If you're a woman, you have to be actively involved in your financial preparations for retirement; that's true whether you're single or married.
As a woman, you have at least two special considerations associated with your retirement planning.
You've got a longer life expectancy. Women typically outlive men by about seven years, according to the U.S. National Center for Health Statistics. More years of life means more expenses.
You may have less money in your retirement plan. Women drop out of the work force for an average of 12 years to care for young children or aging parents, according to the Older Women's League, a research and advocacy group. This time away from the workforce results in women accumulating much less money in their employer-sponsored retirement plans, such as 401ks.
The prospect of a long, under-funded retirement is not a pleasant one. Fortunately, there's much you can do to avoid this fate.
For starters, know what's going on in your financial situation. If you are married, share the responsibility of making investment decisions. What are your retirement goals? Are the two of you investing enough to eventually achieve these goals? And where is the money going? You must know the answers to these questions.
You'll also need to know what you could expect to receive if your husband dies before you. As a surviving spouse, you will likely inherit all of your husband's assets, unless he has specifically named other people - such as grown children from an earlier marriage - as beneficiaries.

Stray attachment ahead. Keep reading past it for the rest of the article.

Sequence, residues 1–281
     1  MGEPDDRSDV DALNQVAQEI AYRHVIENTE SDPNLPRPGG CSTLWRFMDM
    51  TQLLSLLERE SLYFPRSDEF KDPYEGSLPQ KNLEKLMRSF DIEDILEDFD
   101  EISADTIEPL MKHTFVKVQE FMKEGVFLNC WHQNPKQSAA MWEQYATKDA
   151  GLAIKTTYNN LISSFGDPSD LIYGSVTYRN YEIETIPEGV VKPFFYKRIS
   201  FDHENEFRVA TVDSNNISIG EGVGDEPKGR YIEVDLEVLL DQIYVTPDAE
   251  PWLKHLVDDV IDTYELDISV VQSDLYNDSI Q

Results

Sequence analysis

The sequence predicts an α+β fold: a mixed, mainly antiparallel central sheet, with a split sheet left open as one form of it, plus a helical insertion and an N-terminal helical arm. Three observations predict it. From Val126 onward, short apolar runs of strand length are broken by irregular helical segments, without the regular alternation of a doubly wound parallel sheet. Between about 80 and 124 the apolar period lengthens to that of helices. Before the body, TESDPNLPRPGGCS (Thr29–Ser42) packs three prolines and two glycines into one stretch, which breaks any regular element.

Nonetheless, you can't just assume that all sources of income that your husband receives will automatically roll over to you. For example, if your husband were to die before you, you wouldn't get his Social Security payments in addition to your own, although you could choose to collect his payments instead of yours. But if you both earned close to the same income, you might not get much of an increase in Social Security benefits.
In any case, whether you're married or single, here are some moves that can benefit you:
"Max out" on your 401k. If you can afford it, invest the maximum amount into your 401k, and increase your contributions every time your salary goes up. Your 401k provides you with tax-deferred earnings and a variety of investment options.
Contribute to an individual retirement arrangement. Even if you have a 401k or other employer-sponsored retirement plan, you might be eligible to contribute to a traditional or Roth IRA. A traditional IRA offers the potential for tax-deferred earnings, while a Roth IRA potentially grows tax-free, provided you don't take withdrawals until you're 59-1/2 and you've had your account at least five years. You can fund an IRA with virtually any investment you choose.
Do whatever it takes to help ensure a comfortable retirement. The sooner you start planning, the better.
Debbie Alanzo is a financial advisor with Edward Jones.